How is the reader of "To Kill a Mockingbird" positioned to respond to Scout Finch?
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As readers, we are compelled to trust Scout's retelling of the events in the novel because we come to know her character as truthful, innocent, and idealistic.
Scout is truthful to a fault--she often gets in trouble for saying the truth out loud at the wrong time, such as when she evaluates Walter Cunningham's table manners. We also view the trial through her innocent eyes. As she comes to understand the racism and other social problems in Maycomb, we understand with her. Finally, Scout is highly intelligent and has an innate sense of right and wrong, and does not care much what people think of her. These qualities make her an exceptional narrator because she does not try to make herself look better than she really is.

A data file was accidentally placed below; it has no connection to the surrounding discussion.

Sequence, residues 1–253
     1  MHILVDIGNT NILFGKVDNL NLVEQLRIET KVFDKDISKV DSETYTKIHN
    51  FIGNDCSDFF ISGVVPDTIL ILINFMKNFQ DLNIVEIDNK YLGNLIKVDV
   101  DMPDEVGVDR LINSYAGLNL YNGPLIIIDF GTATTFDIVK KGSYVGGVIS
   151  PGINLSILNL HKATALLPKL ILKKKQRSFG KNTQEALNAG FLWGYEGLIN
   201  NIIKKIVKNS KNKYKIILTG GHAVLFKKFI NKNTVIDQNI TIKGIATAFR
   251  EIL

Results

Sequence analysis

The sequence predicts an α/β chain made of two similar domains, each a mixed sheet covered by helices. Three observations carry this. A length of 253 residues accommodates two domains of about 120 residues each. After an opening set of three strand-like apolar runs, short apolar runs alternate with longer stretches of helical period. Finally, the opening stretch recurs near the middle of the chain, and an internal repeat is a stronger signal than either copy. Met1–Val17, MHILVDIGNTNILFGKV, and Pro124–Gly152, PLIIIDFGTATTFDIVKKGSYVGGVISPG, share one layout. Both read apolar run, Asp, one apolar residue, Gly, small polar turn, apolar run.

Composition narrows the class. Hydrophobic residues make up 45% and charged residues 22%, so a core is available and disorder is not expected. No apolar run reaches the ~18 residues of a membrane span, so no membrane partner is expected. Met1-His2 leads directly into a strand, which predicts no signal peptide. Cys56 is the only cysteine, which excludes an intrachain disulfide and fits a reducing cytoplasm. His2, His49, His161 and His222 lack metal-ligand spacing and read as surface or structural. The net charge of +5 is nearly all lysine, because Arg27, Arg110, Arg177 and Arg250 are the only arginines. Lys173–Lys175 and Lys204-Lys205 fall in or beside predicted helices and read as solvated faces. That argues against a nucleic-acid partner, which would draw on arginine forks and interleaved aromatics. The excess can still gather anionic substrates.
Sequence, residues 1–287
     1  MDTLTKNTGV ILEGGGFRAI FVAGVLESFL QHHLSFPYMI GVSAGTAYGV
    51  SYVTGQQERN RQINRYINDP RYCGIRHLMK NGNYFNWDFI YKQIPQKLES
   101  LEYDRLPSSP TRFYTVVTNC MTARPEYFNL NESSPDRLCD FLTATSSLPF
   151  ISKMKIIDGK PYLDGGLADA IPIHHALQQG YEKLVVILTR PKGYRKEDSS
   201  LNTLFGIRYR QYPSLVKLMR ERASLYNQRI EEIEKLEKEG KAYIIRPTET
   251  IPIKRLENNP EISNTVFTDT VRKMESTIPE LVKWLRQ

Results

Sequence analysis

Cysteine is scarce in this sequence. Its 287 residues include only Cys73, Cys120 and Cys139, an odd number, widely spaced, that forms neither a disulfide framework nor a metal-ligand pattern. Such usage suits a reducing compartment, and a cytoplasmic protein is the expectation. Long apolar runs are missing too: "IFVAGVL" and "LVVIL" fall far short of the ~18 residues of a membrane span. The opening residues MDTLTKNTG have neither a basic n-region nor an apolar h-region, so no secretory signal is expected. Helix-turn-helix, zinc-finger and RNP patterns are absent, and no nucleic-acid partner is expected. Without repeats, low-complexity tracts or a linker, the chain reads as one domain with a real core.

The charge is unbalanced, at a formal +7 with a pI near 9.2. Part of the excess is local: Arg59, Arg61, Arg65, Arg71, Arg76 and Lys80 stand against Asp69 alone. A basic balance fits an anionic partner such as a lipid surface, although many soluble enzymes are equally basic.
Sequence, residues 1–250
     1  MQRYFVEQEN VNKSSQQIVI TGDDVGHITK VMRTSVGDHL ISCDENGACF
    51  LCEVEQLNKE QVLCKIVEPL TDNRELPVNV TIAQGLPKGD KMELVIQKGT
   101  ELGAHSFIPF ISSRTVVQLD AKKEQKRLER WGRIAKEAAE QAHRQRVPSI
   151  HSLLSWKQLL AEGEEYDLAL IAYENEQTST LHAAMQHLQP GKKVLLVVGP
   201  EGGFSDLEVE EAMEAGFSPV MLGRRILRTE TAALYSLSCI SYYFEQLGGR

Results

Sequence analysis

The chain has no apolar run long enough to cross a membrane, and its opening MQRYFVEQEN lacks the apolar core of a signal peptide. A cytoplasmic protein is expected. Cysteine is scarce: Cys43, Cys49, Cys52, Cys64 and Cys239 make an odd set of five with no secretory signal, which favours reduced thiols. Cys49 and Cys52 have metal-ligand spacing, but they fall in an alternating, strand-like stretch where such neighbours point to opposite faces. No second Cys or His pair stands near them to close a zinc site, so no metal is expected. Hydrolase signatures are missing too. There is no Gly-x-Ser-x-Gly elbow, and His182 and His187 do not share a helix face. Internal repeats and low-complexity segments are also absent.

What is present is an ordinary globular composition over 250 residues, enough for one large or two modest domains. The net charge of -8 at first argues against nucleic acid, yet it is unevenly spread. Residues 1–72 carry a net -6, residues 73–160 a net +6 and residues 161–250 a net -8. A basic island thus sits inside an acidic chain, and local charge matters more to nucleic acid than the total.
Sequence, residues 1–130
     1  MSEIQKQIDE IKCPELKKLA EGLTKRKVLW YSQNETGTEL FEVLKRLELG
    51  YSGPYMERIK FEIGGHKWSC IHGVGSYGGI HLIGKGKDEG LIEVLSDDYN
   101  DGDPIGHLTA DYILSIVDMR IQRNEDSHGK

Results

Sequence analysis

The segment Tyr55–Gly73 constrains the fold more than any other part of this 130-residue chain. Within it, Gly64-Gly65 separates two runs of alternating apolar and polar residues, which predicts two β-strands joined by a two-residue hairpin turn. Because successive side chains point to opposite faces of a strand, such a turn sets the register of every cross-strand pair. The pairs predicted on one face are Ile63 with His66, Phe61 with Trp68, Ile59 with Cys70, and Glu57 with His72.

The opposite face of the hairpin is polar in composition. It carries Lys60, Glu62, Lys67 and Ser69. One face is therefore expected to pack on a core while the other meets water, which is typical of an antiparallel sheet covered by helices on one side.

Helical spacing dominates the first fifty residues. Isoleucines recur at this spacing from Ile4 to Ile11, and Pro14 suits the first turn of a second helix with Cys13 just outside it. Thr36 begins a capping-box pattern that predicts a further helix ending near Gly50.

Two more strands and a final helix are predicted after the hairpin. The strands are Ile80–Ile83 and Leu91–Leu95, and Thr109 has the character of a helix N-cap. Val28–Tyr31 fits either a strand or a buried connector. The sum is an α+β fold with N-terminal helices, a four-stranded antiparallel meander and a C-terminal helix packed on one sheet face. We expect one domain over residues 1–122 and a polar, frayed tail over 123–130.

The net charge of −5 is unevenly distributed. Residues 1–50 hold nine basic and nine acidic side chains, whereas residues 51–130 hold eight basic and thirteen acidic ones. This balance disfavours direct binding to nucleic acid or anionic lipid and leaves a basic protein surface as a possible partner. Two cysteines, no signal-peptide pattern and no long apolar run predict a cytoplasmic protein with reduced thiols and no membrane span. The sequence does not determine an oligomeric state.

Not a very easy question to answer because Harper Lee has taken on the job of presenting some very serious adult issues through the eyes and mind of a child just starting school. Scout therefore has to be wise beyond her years in one sense but also has to be believable as a rather tomboyish little girl. To my mind mind the author is successful most of the time as we, the adult readers, are able to interpret the 'innocent' evidence that Scout gives us and see it for what it really is. However, Harper Lee has to resort to overheard conversations a number of times in the novel and this runs the risk of portraying Scout as being a little sneaky and less innocent than we need her to be in order for her to stay attractive to the reader. In general I would say that this danger is skilfully avoided by the author.
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